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LibGdx Tutorial #3 Setting up a testing class for our tutorials »« LibGDX Tutorial #1

LibGDX Tutorial #2 My first sample app

Hi, welcome to Tutorial #2 of my LibGdx tutorials. We are going to continue from where we left off in tutorial #1 and actually draw something on the screen. In this tutorial, we will add functionality to the HelloLibGdx application so that whenever the mouse is clicked or the screen touched, the message “Hello from LibGdx” will be displayed.

If you have not done so, either run through tutorial #1 or grab the code from here.  Ready?  Let’s begin.


I. Reviewing the main Application Listener class

If you go into the java project and open up the HelloLibGDX class, you will see the following functions (may not be in this  order):

  • public void create() {}
  • public void dispose() {}
  • public void pause() {}
  • public void resize() {}
  • public void resume() {}
  • public void render() {}
Their functions are pretty obvious.  The create function is called when the application listener is created.  Dispose called when it’s destroyed.  Pause is called when your application is paused.  Resize and resume are called when you’re application is resized or resumed from a paused state.  The final function render is where all the work of your application is done.  It’s called when it’s time to display something on the screen.
So for this application, we are going to add some code to the render function.
First, let’s create some member variables and constants to hold information about the text we’re going to output.  Place these a the top of your class.
	private static final String textToDisplay = "Hello From LibGdx";
	private SpriteBatch spriteBatch;
	private BitmapFont font;
	private float textWidth;
	private float textHeight;
	private Vector<Point> v;
And inside the create function add
		spriteBatch  = new SpriteBatch();
		font = new BitmapFont();
		textWidth = font.getBounds(textToDisplay).width;
		textHeight = font.getBounds(textToDisplay).height;
		v = new Vector<Point>();
The first line is just a a string constant that has the text we wish to output.
The next line creates a “SpriteBatch” object.  This object is used to batch multiple “draw” calls into a single draw call.  Calling draw on something is expensive (in terms of time) and the less you call this function, the better.
The next line creates a BitmapFont object.  Bitmap fonts is an old technique for rendering text on the screen for games.  Typically, an image that consists of rows of characters (called a glyph)  is read by the BitmapFont object and outputs the characters based off the text passed to it.  The resulting graphic be scaled, flipped and colored.
The next two lines calculate the width and height of our text in pixels beforehand.  We don’t want to do this every time our “render” function is called.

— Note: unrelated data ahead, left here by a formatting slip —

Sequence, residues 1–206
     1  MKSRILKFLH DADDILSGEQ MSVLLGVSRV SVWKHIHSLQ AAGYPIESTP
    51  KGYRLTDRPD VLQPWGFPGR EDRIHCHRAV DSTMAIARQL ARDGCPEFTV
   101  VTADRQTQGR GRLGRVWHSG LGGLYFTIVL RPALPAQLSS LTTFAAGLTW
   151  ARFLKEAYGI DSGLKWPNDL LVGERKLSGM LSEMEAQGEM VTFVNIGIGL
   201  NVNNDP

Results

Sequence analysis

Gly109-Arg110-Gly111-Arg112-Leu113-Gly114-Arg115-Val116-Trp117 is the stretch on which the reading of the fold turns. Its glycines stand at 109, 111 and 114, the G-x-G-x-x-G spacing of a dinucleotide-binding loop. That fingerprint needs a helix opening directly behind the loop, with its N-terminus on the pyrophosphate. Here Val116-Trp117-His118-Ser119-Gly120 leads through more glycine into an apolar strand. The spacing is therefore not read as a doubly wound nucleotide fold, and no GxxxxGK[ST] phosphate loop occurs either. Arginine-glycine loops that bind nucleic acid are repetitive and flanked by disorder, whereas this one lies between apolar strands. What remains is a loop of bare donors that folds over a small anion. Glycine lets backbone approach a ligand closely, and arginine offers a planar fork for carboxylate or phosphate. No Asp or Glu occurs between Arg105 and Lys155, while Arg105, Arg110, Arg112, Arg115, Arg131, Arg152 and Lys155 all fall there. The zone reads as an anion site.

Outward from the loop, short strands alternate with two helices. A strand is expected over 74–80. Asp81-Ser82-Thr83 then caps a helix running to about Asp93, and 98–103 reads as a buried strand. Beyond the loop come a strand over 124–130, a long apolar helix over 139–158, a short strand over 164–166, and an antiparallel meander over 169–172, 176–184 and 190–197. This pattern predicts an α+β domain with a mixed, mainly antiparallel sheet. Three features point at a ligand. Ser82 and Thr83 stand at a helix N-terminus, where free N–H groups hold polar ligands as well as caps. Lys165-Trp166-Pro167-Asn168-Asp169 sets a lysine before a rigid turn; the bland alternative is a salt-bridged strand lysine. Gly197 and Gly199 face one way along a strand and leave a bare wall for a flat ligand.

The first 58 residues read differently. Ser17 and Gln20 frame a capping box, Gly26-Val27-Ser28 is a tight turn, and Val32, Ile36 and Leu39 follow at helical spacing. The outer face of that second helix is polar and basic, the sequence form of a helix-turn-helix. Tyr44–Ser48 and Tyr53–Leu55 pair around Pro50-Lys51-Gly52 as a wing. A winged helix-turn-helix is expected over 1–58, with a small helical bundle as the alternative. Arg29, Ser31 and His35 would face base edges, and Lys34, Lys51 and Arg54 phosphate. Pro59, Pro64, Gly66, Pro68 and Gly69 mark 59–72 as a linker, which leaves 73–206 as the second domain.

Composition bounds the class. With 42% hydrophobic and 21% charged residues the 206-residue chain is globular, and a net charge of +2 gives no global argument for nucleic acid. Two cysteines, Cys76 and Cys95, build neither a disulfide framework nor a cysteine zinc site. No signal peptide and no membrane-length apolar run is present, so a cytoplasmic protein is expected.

Finally we need to store the list of points touched so that we can redraw the text each time the screen is “refreshed”.  When the screen is refreshed, the buffer is cleared out which removes everything that you see.  So we store the points in a list so that we can later draw them again.
Next, we want to add a simple nested class to hold our points
	class Point {
		public int x;
		public int y;
		public Point(int x, int y) {
			this.x = x;
			this.y = y;
With all that set, we’re ready to draw our text.  So let’s modify the “render” function to output our text.

First we want to determine if the mouse button is held down (if a desktop application) or if a finger is touching the screen (android application).    We do this with a call to

This function checks to see if either the mouse has been clicked on the screen or if a finger has touched the screen.  If so, we need to grab the coordinates of the screen that was touched.  We do this by calling
Gdx.input.getX() for  the X coordinates
Gdx.input.getY() for the Y coordinates
Both these functions return an integer for the coordinates.
Once we get these two values, all we do is add the point to our list of points by
			positions.add(new Point(x,y));
After this, we start our drawing.  We first want to clear the screen.  The next two calls handle this.
		Gdx.graphics.getGL10().glClearColor(0, 0, 0, 0);
The first sets what color we want to set the clear to be using RGBA notation.  The following function actually clears the screen to that particular color.  In our example, the screen is cleared to the color black (You’re left with just a black screen).
Following that, we need to output our text.
First, we tell sprite batch to start “recording” our draw calls.  We do this by specifying.
Then we need to loop through our list of points and draw them to the sprite batch.
		for (int i = 0; i < positions.size(); i++) {
			font.draw(spriteBatch, textToDisplay, positions.get(i).x - textWidth/2, Gdx.graphics.getHeight() - positions.get(i).y + textHeight / 2);
One thing to note is that our coordinate system starts in the upper left corner and ends in the bottom right for the touch events but but for drawing we get the normal coord. system (lower left) starting to top right (end).  Thus we fix this by subtracting the y coordinate from the height of the window.  To make sure our text is centered exactly, we shift the x coordinates to the left by half the text width and we add (cause the system is in reverse) half the height.
Finally, we tell the sprite batch to render it’s buffer with a call to
And that’s it!  If you run your program, you should see this whenever you click the mouse or touch the screen.

Figure 2-1


As usual, the project files for this tutorial are attached here.  Again, I did not store the libgdx jars in the zip to cut down on space.

October 8, 2011 at 3:26 pm